bachase / gmail.com <bachase / gmail.com> wrote:

> Basically, I want the base class to provide
> some default settings that a child class could override using a class
> method.  Apparently, I am unclear on the way to do so.

I guess I'm wondering: does it absolutely have to be a class method?
Could it be an ordinary instance method? In this approach, as you
subclass you get to define an instance method, "setup", that you know
will be called by the constructor:

###

class BigGuy
  def setup
    @favorites = "bluto"
  end
  def initialize
    setup
    p @favorites
  end
end

class LittleGuy < BigGuy
  def setup
    @favorites = "popeye"
  end
end

BigGuy.new #=> "bluto"
LittleGuy.new #=> "popeye"
BigGuy.new #=> "bluto"
LittleGuy.new #=> "popeye"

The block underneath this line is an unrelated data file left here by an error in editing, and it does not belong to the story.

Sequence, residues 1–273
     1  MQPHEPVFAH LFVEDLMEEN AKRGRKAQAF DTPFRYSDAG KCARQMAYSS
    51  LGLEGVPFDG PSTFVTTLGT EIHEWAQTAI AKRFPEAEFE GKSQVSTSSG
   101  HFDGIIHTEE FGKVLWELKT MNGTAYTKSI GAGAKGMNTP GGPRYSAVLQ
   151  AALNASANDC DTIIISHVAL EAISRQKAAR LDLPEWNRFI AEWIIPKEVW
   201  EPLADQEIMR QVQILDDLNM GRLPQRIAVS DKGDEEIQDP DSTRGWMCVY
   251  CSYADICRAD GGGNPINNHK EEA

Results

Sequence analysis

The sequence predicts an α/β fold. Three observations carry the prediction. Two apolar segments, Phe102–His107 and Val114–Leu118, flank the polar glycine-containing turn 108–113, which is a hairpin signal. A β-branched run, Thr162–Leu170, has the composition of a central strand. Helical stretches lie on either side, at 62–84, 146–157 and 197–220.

###

If you really do want it to be class-based, perhaps a class method might
generate a subclass, set up the way you want it, from which you derive
further subclasses. I'm not very adept at this sort of thing, but my
first go would be something like this:

###

class BigGuy
  def setup
    @favorites = "bluto"
  end
  def initialize
    setup
    p @favorites
  end
  class MiddleGuy < BigGuy
  end
  def BigGuy.make_subclass(what)
    MiddleGuy.class_eval %{
      def setup
        @favorites = "#{what}"
      end
    }
    return MiddleGuy
  end
end

class LittleGuy < BigGuy.make_subclass('popeye')
end

BigGuy.new #=> "bluto"
LittleGuy.new #=> "popeye"
BigGuy.new #=> "bluto"
LittleGuy.new #=> "popeye"

###

I like the ultimate syntax used to generate LIttleGuy, but I'm not
entirely happy because it assumes that the parameter is a string. But I
got all caught up the "eval" situation and couldn't think straight any
more after a while... Maybe it was a silly idea. m.

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